4. Emphasize that digital access of any kind is a privilege.

Just like any other privilege, if your teen’s phone or tablet or gaming device is used inappropriately for any reason, then that privilege can be withheld.

Parenting a teen in today’s culture is challenging to say the least. My son is in middle school and he is one of the only kids in his classes who doesn’t own a cell phone. While there are many reasons for making the decision of when and how much online and media access to give to your teen, today my hope was to provide a few thoughts to stimulate proactive parenting in this tough teen area.

Recently I was introduced to a newly-released book, Rescue, Raising Teens in a Drowning Culture by Candy Gibbs. This book is packed with practical tips for not only the murky waters of technology, but also the deep waters of sex, sexting, abortion, communication, family expectations,and more. Candy is the Executive Director of CareNet Pregnancy Centers in Amarillo, TX. I’m privileged to be giving away 2 copies of this awesome book today; just follow the Rafflecopter to enter.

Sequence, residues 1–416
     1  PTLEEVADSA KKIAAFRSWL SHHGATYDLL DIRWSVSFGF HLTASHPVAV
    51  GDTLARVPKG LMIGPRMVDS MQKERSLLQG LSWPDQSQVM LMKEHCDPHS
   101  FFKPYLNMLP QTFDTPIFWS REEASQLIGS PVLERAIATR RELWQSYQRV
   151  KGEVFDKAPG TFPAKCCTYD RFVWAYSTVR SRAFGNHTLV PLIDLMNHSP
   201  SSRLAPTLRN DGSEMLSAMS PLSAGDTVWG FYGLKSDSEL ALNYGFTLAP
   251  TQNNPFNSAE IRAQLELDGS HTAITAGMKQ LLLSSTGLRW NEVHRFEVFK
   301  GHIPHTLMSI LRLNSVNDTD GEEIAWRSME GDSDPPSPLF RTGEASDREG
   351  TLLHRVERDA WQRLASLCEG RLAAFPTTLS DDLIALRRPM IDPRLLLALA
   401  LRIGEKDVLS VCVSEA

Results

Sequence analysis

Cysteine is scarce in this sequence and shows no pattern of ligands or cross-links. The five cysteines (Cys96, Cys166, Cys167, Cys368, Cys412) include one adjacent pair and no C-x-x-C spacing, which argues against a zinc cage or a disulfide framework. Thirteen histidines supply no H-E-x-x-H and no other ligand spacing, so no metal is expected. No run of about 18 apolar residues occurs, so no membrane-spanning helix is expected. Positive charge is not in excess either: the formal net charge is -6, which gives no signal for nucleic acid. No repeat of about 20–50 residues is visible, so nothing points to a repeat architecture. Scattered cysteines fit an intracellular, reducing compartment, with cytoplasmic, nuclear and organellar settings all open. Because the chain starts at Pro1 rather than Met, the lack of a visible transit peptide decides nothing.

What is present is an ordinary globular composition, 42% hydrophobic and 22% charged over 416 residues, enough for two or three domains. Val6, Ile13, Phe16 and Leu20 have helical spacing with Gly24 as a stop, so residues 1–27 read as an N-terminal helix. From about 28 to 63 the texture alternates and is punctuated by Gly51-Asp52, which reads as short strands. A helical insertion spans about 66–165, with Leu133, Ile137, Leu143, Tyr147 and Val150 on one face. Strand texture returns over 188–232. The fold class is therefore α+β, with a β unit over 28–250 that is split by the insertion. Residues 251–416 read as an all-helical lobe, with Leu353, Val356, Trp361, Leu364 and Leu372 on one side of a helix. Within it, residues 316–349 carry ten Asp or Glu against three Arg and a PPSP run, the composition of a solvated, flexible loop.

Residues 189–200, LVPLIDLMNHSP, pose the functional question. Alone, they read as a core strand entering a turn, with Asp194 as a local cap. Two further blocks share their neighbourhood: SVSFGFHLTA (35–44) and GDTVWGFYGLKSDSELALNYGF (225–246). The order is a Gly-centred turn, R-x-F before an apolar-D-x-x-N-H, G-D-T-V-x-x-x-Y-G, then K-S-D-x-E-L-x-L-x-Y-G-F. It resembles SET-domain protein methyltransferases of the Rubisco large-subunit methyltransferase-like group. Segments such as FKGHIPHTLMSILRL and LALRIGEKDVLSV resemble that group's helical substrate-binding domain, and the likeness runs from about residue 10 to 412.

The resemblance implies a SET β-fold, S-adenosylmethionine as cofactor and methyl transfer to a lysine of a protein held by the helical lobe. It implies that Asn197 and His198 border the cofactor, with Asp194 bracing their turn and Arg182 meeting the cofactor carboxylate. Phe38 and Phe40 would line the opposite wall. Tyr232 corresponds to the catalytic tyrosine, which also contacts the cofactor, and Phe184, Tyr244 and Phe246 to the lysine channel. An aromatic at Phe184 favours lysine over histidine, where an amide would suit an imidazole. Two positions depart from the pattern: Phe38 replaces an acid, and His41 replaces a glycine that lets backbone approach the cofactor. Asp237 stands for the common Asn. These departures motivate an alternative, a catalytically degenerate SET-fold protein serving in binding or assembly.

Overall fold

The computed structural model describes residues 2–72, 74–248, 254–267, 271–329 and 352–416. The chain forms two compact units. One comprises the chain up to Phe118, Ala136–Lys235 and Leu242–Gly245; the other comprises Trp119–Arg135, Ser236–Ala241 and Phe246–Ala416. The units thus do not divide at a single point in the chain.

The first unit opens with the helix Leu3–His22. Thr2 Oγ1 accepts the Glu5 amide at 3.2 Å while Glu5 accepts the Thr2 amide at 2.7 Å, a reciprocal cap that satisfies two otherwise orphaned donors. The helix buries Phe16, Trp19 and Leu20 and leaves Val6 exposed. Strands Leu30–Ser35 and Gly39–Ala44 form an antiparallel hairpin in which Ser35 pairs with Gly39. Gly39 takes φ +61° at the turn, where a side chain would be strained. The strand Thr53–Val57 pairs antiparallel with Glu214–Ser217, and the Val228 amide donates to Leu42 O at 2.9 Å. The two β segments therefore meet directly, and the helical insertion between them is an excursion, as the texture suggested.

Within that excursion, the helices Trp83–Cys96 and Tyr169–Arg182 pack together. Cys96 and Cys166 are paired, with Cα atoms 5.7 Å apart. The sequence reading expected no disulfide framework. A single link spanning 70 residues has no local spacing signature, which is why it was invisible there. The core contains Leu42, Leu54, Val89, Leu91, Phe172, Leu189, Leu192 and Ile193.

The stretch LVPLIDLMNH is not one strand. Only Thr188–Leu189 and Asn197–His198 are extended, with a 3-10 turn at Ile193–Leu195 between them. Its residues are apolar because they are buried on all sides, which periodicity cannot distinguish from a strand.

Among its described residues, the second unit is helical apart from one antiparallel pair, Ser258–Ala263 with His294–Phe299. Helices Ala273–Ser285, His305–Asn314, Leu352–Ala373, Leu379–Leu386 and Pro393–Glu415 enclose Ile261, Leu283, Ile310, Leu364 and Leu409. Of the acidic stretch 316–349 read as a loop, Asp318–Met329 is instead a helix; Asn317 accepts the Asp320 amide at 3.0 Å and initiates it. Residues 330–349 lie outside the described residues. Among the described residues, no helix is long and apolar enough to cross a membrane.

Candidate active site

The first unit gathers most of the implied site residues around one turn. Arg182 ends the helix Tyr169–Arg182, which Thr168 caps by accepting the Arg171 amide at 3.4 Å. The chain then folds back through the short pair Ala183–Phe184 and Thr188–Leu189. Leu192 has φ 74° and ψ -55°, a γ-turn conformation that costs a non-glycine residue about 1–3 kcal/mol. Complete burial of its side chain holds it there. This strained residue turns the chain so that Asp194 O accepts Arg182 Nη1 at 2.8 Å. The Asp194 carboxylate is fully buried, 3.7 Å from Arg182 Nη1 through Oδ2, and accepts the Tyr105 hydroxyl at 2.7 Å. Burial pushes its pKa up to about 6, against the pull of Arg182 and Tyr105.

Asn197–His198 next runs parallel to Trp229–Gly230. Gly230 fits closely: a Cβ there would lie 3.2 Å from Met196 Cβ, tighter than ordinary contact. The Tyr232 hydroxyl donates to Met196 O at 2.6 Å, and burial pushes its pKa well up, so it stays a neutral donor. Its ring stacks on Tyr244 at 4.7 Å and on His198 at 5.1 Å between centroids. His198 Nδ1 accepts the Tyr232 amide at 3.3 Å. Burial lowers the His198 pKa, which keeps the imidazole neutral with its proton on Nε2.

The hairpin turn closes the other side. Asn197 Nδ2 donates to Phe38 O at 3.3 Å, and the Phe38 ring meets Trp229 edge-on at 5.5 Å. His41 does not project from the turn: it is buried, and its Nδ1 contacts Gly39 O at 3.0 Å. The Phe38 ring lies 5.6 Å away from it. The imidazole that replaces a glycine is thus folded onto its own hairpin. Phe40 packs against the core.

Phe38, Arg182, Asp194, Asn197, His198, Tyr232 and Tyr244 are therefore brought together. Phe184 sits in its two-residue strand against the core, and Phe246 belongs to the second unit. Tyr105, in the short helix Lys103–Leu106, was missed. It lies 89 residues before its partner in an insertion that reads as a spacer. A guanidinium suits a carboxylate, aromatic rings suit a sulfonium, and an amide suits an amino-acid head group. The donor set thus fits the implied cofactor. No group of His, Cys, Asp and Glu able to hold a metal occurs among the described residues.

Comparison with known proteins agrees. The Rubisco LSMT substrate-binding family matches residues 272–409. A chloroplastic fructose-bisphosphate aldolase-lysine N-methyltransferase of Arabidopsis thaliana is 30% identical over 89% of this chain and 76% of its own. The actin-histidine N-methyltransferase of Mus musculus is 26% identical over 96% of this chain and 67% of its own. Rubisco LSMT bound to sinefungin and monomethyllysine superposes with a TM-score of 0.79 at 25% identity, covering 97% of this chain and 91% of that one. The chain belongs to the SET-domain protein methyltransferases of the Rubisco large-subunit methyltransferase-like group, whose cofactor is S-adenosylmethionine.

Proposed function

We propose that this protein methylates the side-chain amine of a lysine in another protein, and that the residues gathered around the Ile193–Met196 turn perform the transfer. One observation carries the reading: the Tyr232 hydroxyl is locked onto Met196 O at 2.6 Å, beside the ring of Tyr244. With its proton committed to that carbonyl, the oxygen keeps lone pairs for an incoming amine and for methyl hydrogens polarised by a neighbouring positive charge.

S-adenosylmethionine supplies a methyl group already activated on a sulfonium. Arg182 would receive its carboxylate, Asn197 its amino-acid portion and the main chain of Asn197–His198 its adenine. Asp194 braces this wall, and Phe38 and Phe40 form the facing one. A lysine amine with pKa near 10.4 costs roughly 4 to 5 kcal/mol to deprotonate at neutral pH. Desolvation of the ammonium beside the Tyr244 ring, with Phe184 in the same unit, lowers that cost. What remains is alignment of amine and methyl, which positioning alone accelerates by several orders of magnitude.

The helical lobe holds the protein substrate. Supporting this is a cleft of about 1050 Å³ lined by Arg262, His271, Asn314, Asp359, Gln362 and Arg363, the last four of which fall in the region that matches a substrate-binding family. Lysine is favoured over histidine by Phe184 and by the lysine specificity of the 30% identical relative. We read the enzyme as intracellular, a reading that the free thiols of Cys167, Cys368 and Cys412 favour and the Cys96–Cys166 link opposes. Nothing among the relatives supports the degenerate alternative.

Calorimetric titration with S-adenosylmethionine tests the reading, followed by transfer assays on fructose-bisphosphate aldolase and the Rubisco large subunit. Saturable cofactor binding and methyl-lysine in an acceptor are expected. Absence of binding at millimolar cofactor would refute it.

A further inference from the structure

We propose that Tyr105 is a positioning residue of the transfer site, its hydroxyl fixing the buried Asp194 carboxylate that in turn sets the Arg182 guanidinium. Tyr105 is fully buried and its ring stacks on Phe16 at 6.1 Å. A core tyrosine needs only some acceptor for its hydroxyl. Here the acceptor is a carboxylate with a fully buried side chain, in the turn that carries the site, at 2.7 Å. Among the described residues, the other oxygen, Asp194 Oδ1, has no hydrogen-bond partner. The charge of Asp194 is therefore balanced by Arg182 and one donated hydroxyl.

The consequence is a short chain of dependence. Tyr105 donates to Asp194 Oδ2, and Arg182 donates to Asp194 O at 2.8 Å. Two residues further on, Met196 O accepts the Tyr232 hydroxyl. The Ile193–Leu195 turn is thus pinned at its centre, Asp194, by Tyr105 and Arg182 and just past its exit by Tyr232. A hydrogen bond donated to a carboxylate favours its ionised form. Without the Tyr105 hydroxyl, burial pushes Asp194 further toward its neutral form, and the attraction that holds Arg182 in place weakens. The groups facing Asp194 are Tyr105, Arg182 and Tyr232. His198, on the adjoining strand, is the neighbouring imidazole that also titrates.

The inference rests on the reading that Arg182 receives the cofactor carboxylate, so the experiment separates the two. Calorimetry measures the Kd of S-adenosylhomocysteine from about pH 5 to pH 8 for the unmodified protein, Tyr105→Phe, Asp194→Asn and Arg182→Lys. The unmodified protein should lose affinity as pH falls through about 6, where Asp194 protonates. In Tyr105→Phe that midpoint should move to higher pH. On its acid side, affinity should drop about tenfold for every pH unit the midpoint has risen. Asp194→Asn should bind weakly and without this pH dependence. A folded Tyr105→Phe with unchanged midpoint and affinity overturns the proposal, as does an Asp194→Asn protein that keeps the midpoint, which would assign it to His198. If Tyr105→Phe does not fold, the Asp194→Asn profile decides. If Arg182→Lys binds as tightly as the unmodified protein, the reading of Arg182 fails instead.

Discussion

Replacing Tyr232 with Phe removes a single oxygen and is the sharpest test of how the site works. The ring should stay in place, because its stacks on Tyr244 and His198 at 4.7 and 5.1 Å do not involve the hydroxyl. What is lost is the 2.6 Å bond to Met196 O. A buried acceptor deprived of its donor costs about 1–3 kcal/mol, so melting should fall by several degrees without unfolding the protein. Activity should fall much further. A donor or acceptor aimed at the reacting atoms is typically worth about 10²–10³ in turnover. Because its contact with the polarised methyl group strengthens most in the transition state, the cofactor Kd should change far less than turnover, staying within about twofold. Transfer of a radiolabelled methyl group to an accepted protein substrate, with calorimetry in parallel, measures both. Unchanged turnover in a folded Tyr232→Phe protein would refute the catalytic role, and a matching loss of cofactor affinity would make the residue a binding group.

For more information on this wonderful resource, check it out here:
Rescue, Raising Teens in a Drowning Culture

Have a marvelous Monday!

Rachel

 

Disclosure: Product provided by Publisher; all opinions are my own.Site may be compensated if purchase is made. See full disclosure policy here.

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Bible Reading Plans for Proverbs

Have you ever asked yourself “How does God really work in our lives?” One of the ways I’m confident of his work is when he places an idea in front of me multiple times. I guess I’m a tad (ok, extremely) hard-headed and I need more than once to understand that this thought is from him and I need to act on it. So I’m catching on. Maybe you too?